About the National Institutes of Health (NIH): NIH, the nation's medical research agency, includes 27 Institutes and Centers and is a component of the U.S. Department of Health and Human Services. NIH is the primary federal agency conducting and supporting basic, clinical, and translational medical research, and is investigating the causes, treatments, and cures for both common and rare diseases. For more information about NIH and its programs, visit http://www.nih.gov.

NIH...Turning Discovery Into Health

NIH/National Heart, Lung and Blood Institute

Related Mosquitoes Articles:

In urban Baltimore, poor neighborhoods have more mosquitoes
A new study published in the Journal of Medical Entomology reports that in Baltimore, Maryland, neighborhoods with high levels of residential abandonment are hotspots for tiger mosquitoes (Aedes albopictus).
Researchers use light to manipulate mosquitoes
Scientists at the University of Notre Dame have found that exposure to just 10 minutes of light at night suppresses biting and manipulates flight behavior in the Anopheles gambiae mosquito, the major vector for transmission of malaria in Africa.
Mosquitoes that spread Zika virus could simultaneously transmit other viruses
A new study led by Colorado State University found that Aedes aegypti, the primary mosquito that carries Zika virus, might also transmit chikungunya and dengue viruses with one bite.
Insecticide-induced leg loss does not eliminate biting in mosquitoes
Researchers at LSTM have found that mosquitoes that lose multiple legs after contact with insecticide may still be able to spread malaria and lay eggs.
New study sheds light on how mosquitoes wing it
The unique mechanisms involved in mosquito flight have been shared for the first time in a new Oxford University collaboration, which could inform future aerodynamic innovations, including tiny scale flying tech.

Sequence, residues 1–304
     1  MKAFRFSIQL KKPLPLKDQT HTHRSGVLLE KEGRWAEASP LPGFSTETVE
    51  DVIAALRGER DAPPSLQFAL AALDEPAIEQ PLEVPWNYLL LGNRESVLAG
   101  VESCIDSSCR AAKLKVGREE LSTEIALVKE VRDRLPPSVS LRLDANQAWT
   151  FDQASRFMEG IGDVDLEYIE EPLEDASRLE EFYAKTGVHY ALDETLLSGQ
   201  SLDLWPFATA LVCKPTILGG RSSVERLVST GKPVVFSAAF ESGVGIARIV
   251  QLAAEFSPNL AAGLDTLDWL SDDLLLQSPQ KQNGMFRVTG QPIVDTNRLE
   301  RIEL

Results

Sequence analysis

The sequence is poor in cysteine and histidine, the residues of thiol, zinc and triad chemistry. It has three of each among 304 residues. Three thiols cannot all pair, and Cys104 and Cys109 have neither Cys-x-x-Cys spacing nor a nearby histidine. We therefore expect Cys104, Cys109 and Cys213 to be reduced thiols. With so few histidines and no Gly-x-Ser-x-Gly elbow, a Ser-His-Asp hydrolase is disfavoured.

More Mosquitoes News and Mosquitoes Current Events

Best Science Podcasts 2019

We have hand picked the best science podcasts for 2019. Sit back and enjoy new science podcasts updated daily from your favorite science news services and scientists.
Now Playing: TED Radio Hour

Anthropomorphic
Do animals grieve? Do they have language or consciousness? For a long time, scientists resisted the urge to look for human qualities in animals. This hour, TED speakers explore how that is changing. Guests include biological anthropologist Barbara King, dolphin researcher Denise Herzing, primatologist Frans de Waal, and ecologist Carl Safina.
Now Playing: Science for the People

#534 Bacteria are Coming for Your OJ
What makes breakfast, breakfast? Well, according to every movie and TV show we've ever seen, a big glass of orange juice is basically required. But our morning grapefruit might be in danger. Why? Citrus greening, a bacteria carried by a bug, has infected 90% of the citrus groves in Florida. It's coming for your OJ. We'll talk with University of Maryland plant virologist Anne Simon about ways to stop the citrus killer, and with science writer and journalist Maryn McKenna about why throwing antibiotics at the problem is probably not the solution. Related links: A Review of the Citrus Greening...